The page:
3 Of the gay men I know, most are not especially violent. Most are more likely to have suffered violence at the hands of others. But since elementary school I’ve witnessed violence against anyone whose appearance deviated from the norm, or whose masculinity or femininity were called into question. When I was in second grade, I invented a game with a group of other boys. The rules were simple: you tackle whoever has the ball, and take it away. When you have the ball, you are “it,” and the group chases you. An older boy told us that we didn’t invent the game. It already existed, and it had a name: “Smear the Queer.” We repeated the name, appreciating its rhyming quality, and that’s what we called it. At that point, queer just meant strange to me. I never even knew that I was being educated into a culture of anti-LGBTQ violence. It was just a game. So in some sense, I sympathize with the lynch mob. They were simply reenacting a drama they had been practicing from the time they were kids. For them, it was just a game.

4 The violence continues in news stories of police brutality and vigilante justice, and in the justifications for violence that refers to black men as “thugs.”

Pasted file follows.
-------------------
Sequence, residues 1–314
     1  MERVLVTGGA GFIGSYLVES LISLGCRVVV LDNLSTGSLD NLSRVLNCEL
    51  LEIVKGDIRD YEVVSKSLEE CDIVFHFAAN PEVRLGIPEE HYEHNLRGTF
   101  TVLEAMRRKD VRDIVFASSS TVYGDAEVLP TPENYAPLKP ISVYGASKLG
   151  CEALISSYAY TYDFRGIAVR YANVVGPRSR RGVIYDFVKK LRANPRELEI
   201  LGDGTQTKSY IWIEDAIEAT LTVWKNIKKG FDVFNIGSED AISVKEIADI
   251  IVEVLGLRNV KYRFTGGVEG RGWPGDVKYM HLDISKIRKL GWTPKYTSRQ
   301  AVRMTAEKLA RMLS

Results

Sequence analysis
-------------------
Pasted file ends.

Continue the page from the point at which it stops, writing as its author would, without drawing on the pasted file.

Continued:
5 We also can’t ignore the fact that in the story, Lot (the “hero”), believes that sexual violence against his own daughters is more acceptable than sexual violence against his guests. The story of Sodom and Gomorrah highlights this double-standard in the way we address violence against women and our own rape culture.

6 One anti-gay website makes this astonishing claim: “It is obvious to anyone who believes the Word of God, that Sodom was predominantly homosexual, and these homosexuals were violent (as is often the case today).” There is no data cited for this incredible claim, but we can see the perverse logic at work: LGBTQ persons must be policed with violence because of some imaginary possibility of violence. In the same way, black persons are subject to excessive violence because of imaginary violence, and Christians have historically enacted violence upon Jews because they were blamed for Jesus’ death or imaginary deaths in their own communities. This is the logic of Sodom and Gomorrah at work: mob violence against a perceived weaker minority, because the minority represents some imaginary threat.

Rev. Dave Barnhart

I’m a United Methodist pastor planting a new church (Saint Junia United Methodist Church) in Birmingham, Alabama. My mission in life is to teach and live resurrected life in Jesus among passionate people. I’m married and have a son. I’ve written a couple of books: What’s in the Bible About Church? and God Shows No Partiality.

If you’d like to get in touch with me, you can email me at dave (at) saintjunia (dot) org, or send me a message on Twitter.